Minnetonka Beach Looks into Getting Water Tower Listed on National Register

City of Minnetonka Beach water tower Photo: Courtesy of AKAY Consulting
City of Minnetonka Beach water tower

June 13, 2018 03:31 PM

The Minnetonka Beach water tower dates back to 1928.

Over the years, it's become a community symbol to residents of the small Hennepin County city, located on a peninsula jutting into Lake Minnetonka.


"It's definitely a landmark around here," City Administrator Susanne Griffin said. "Similar to the Lafayette Country Club or St. Martin's Church, it just adds to the charm of the community, and people like that."

She added, "There's a reason we're called the City of the Village of Minnetonka Beach. People here value that village-type feel. And the water tower is a big part of it."

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In an effort to preserve that connection, city officials have begun the process of exploring whether or not it makes sense to get the 140-foot-tall water tower listed on the National Register of Historic Places, which would increase access to various grants that could help in its upkeep.

A survey and evaluation meant to determine whether the water tower would be eligible was completed earlier this year.

"We got a grant to get some money to do the study, and we've made some progress," Griffin said, "but there are a number of steps in the process that still have to be completed. And we have to determine what restrictions would come from being on the list, and if those are restrictions we'd be willing to accept."

She added, "That's a discussion the city council still needs to have. So we're very much still in the investigative phase at this point, exploring what our options are."

If the water tower was added to the register, it would join others in or near the metro area that have been added in recent years. The water tower in Elk River was added in 2012, and the water tower in Osseo was listed last year.

Like the one in Minnetonka Beach, both are hemispherical-bottom towers - a style that was the industry standard in the first part of the 20th century, characterized by its rounded bottom.

"People call them tin-hats, and they really do have a throwback feeling to them," said Alexa McDowell, a Twin Cities-based architectural historian who served as a consultant to Elk River and Osseo in the process of getting those water towers listed, and is now working with Minnetonka Beach, as well as assisting in a just-underway process in Blooming Prairie.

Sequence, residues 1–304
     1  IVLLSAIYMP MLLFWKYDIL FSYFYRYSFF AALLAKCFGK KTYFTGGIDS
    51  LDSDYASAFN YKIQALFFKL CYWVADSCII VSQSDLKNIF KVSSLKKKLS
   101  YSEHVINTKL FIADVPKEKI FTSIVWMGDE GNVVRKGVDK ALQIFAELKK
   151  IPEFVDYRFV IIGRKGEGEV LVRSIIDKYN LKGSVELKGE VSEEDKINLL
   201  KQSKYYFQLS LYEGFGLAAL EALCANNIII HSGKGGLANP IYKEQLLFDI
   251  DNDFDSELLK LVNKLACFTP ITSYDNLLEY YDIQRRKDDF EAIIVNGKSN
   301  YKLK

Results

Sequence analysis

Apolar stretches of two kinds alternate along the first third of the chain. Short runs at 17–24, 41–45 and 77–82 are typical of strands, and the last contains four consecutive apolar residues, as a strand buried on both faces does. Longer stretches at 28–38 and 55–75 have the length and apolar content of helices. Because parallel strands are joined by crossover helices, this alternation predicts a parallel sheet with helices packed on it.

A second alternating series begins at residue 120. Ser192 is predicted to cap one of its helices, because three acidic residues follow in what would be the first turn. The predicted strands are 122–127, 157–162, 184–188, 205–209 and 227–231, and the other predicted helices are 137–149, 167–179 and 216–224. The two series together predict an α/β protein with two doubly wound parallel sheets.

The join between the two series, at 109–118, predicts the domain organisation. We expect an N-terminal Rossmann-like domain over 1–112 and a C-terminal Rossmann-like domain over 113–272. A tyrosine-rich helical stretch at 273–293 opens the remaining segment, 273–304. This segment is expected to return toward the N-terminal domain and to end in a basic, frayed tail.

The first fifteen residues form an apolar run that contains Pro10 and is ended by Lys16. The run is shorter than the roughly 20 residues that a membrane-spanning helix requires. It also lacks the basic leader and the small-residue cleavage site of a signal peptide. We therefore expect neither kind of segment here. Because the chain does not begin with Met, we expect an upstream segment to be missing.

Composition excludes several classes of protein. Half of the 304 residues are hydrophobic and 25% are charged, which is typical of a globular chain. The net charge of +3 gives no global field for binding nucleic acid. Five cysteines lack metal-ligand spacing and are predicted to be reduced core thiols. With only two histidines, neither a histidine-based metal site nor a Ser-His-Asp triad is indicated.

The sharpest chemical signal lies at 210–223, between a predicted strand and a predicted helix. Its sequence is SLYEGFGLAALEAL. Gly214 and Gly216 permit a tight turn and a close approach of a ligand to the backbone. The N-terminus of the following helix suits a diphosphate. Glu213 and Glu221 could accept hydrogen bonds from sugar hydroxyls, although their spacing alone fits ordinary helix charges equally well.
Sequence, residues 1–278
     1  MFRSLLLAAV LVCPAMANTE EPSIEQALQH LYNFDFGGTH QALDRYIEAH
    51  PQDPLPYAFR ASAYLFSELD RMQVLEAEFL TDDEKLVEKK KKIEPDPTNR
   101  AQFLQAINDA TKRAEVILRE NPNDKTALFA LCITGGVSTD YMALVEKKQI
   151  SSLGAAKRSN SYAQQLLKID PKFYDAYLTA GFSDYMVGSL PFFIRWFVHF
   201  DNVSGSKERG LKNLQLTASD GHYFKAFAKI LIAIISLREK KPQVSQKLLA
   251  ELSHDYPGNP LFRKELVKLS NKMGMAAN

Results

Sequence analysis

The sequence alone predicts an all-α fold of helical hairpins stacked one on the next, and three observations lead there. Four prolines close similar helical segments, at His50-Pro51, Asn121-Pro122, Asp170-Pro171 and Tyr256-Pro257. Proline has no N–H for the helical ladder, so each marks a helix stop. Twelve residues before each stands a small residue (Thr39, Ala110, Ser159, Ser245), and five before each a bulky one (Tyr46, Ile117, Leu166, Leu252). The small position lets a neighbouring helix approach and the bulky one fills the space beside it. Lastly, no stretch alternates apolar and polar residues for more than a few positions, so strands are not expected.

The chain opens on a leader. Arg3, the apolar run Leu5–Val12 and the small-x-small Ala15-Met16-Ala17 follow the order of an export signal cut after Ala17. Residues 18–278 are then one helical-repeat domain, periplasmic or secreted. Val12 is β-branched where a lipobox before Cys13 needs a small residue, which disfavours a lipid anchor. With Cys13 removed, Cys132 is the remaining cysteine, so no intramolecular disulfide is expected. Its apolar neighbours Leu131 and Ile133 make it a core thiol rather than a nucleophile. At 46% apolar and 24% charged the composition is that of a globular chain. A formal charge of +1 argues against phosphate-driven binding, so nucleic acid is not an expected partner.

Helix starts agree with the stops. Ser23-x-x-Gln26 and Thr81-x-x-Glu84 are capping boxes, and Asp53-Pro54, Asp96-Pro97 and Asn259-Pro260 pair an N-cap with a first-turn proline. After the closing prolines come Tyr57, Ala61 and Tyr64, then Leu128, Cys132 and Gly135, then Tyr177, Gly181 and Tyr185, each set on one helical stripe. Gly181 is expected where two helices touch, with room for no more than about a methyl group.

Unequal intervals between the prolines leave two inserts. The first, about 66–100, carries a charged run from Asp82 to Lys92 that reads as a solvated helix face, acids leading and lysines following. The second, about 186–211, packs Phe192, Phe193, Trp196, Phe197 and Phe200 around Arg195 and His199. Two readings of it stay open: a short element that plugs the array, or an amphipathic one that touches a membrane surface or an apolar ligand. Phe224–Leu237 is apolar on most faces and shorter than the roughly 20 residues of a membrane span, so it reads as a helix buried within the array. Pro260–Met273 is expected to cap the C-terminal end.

"If you lived in a town with a hemispheric water tower, it probably was part of the memories you had of growing up there."

On the Register

Minnesota municipal water towers currently listed on the National Register of Historic Places

  • Cuyuna*
  • Brainerd
  • Crosby* (no longer exists)
  • Deerwood*
  • Ironton* (no longer exists)
  • Trommald*
  • Kasson
  • Prospect Park (Minneapolis)
  • Washburn Park (Minneapolis)
  • Pipestone
  • Highland Park (St. Paul)
  • Elk River*
  • Osseo*

* Examples of the hemispherical-bottom style

Source: List compiled by architectural historian Alexa McDowell from the National Register of Historic Places

The listed water towers in Osseo and Elk River, however, are no longer in use. The one in Minnetonka Beach still is, and Griffin said the city has not discussed any plans to replace it.

The tower holds a capacity of 50,000 gallons. Griffin said the city also has an interconnected system with Orono it can use in case of emergencies.

In addition, she said the city is currently working on getting a ground storage reservoir with a capacity of 75,000 gallons back up and running.

A total of 13 water towers in the state are currently listed on the National Register, according to McDowell. Of those, seven are examples of the hemispherical-bottom style (though two, those in Crosby and Ironton, no longer exist). The others, including the Prospect Park water tower in Minneapolis known as the Witch's Hat, are examples of even older styles.